It's nights like these that I wish Sandpaper Charlie was real. If only he weren't just a story made up by the Mayor's henchmen to distract us from their dealings, from their betrayal.
Like many others, I've got the urge to be taught the piano. All in one go. I want to learn how to play the grand concert piano in a single, eight hour session. Sandpaper Charlie could've done it. He'd make sure I didn't take any breaks, that I'd keep my shoes on and I'd know when to spit.
We need someone who lines his jacket with 16-grit sandpaper and always has the right idea. Someone who can count to ten, who can climb up rope ladders despite their freestanding, unanchored, unpredictable, unreliable nature. They go every which way! We need someone who could show us how to escape on such a ladder if, say, the boat caught fire, or if we just didn't feel like being here anymore. Old Sandpaper could do it. He'd do it, do it real fine. And do it in exchange for a few pieces of Heavy/Fine Gray Daddy sandpaper torn into little strips he could slurp up like a bull frog on Easter. He'd eat the stuff, said it made him feel more like a bird or a craftsman. Or maybe both. Then out'd come the banjo, and you could forget about doing any more circle drawing that evening.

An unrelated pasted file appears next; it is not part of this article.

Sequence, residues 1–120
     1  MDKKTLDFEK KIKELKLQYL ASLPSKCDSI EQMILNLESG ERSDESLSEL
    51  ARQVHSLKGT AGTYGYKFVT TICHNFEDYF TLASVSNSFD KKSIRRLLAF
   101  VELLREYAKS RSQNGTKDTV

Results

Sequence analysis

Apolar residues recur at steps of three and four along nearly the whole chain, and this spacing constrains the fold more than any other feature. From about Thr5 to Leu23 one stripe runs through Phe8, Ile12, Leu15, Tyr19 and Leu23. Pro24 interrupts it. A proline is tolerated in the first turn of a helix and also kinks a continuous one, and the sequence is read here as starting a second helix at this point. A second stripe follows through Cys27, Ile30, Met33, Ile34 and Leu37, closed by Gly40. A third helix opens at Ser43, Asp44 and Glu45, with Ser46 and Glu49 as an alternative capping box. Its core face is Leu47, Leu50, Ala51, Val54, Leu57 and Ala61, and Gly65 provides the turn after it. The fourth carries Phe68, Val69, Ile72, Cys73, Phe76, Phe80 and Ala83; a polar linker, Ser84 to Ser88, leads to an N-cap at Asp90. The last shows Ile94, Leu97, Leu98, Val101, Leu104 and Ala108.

Oh if only he'd been real! If only he'd convinced the eldercare home residents to put sandpaper in their socks, “just like the Lord says,” to help them feel proud again. There wouldn't be so many bleak memoirs straining the Local Color shelf at the library.
But, of course, he isn't real. Sandpaper Charlie never did exist. All those memories you have of him getting legislation through to protect wetlands were put there by TV. They were put there by people with an agenda. They made sure you didn't notice them making off with the town's helium reserves.
And it worked. Now nobody can afford balloons.